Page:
The Biggest Mistakes Everyone Makes With Gel Nails

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Anyone who's switched from regular to gel polish can attest to how much of a game-changer it is. One of the biggest pros of gel is that it's pretty fuss-free. Getting it done and removed takes longer than the usual nail appointment, but it's worth it. The beauty of it is that once the salon appointment is over, you don't really have to give your nails much of a second thought.

A lot of the issues with regular nail polish become a thing of the past once you opt for a gel manicure. Due to the quick drying time, you don't need to worry about bumping into anything accidentally and ruining your nails. Instead, you can fumble around for your keys in your bag and still have a fresh manicure. Plus, if you get a manicure you really like, whether it's your favorite nail polish or the latest nail art trend, you won't have to part with it right away, since gel polish allows for glossy, chip-free nails for around two to three weeks.

The pros list goes on and on: long-lasting manicures, minimal drying time, and easy maintenance. As popular and convenient as they are, there are still a lot of big mistakes people make that can be easily avoided.

Not giving your nails a break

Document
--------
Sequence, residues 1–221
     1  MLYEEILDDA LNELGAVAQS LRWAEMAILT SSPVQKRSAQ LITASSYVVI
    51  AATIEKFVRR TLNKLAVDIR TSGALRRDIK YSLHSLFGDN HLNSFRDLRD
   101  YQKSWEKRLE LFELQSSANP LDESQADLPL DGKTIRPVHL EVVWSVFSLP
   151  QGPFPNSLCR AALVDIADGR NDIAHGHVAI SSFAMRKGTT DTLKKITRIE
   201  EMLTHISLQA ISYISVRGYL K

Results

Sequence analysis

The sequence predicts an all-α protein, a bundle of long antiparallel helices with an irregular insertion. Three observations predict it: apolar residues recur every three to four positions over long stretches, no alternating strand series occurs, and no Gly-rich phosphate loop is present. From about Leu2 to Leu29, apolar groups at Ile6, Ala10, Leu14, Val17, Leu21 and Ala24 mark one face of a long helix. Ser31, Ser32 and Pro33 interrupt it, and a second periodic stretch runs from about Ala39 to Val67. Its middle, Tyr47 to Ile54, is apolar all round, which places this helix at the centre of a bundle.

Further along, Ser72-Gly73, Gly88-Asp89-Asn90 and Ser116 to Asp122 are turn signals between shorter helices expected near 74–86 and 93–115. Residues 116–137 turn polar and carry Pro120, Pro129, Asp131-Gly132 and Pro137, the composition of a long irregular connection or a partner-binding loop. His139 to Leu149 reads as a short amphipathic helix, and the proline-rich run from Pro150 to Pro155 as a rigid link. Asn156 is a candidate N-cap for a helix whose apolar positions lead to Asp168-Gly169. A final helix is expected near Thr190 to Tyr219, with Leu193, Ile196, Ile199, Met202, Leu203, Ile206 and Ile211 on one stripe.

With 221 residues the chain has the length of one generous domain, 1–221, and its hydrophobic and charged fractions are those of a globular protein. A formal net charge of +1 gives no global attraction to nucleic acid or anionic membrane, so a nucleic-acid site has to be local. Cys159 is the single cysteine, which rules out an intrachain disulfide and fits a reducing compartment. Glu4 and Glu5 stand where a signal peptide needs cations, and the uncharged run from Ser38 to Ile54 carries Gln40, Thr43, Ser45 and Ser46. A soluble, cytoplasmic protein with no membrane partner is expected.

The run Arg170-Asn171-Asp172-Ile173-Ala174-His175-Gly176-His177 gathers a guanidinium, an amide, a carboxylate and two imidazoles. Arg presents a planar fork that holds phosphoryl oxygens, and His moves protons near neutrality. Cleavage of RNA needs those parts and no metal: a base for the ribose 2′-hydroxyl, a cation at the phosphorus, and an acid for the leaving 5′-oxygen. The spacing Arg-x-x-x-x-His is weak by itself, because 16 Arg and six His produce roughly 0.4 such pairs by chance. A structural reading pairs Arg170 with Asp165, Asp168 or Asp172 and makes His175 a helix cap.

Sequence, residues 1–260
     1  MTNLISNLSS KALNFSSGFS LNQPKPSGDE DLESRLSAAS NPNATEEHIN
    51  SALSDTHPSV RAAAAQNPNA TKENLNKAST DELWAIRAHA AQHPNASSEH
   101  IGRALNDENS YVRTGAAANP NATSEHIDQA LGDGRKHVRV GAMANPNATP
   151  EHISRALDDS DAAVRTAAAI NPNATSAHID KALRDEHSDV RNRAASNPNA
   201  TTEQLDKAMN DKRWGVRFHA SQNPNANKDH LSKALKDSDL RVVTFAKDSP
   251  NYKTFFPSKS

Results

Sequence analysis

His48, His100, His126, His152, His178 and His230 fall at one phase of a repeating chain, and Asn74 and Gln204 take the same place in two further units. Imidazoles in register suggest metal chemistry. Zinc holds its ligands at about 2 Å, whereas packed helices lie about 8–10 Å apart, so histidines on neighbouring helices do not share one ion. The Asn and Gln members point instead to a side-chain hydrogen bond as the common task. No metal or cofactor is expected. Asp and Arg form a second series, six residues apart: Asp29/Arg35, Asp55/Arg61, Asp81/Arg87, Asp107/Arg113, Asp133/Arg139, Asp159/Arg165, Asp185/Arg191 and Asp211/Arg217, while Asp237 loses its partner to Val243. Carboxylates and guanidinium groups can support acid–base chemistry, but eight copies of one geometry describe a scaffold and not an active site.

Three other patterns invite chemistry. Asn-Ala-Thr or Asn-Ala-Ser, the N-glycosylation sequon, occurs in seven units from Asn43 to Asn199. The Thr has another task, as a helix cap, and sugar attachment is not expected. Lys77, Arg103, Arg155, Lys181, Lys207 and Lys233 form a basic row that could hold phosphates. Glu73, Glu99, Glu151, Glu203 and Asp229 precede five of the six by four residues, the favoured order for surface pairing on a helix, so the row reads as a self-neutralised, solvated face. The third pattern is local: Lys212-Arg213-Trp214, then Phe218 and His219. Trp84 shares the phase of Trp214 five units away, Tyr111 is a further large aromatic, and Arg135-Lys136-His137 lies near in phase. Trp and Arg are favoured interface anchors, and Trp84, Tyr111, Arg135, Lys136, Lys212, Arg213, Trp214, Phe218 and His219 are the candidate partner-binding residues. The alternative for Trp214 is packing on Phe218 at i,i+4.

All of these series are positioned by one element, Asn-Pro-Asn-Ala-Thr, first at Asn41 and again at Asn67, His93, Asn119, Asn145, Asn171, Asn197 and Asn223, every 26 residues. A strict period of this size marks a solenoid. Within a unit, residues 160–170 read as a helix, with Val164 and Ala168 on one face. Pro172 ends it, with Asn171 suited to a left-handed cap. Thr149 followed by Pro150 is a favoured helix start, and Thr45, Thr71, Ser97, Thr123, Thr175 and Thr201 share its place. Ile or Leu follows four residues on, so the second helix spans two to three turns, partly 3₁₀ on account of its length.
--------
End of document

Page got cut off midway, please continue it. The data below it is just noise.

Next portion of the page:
People with naturally brittle or sensitive nails should be extra mindful of this rule. As tempting as it may be to keep those gel nails on rotation for months on end, you may want to reconsider, especially if you start to see signs of damage. However, if you get your gel nails done back-to-back, Dr. Chris Adigun warns, it'll be difficult to properly gauge the health of your nails. In more serious cases, this could include infections and tumors (via Teen Vogue).

Nail artist and salon owner Brittney Boyce recommends giving your nails a gel-free break for around three to four weeks if your nails have become significantly weaker (via Allure). But if your nails are in a pretty dire state, then three to four weeks may not be enough. Instead, give your nails at least a six-month break to allow them to grow, with your nail appointments better spent on simple grooming (via Allure).

There isn't a hard and fast rule for how often to get your gel manicure done, but other dermatologists recommend reserving gel nail appointments for when you really need them (via the American Academy of Dermatology Association).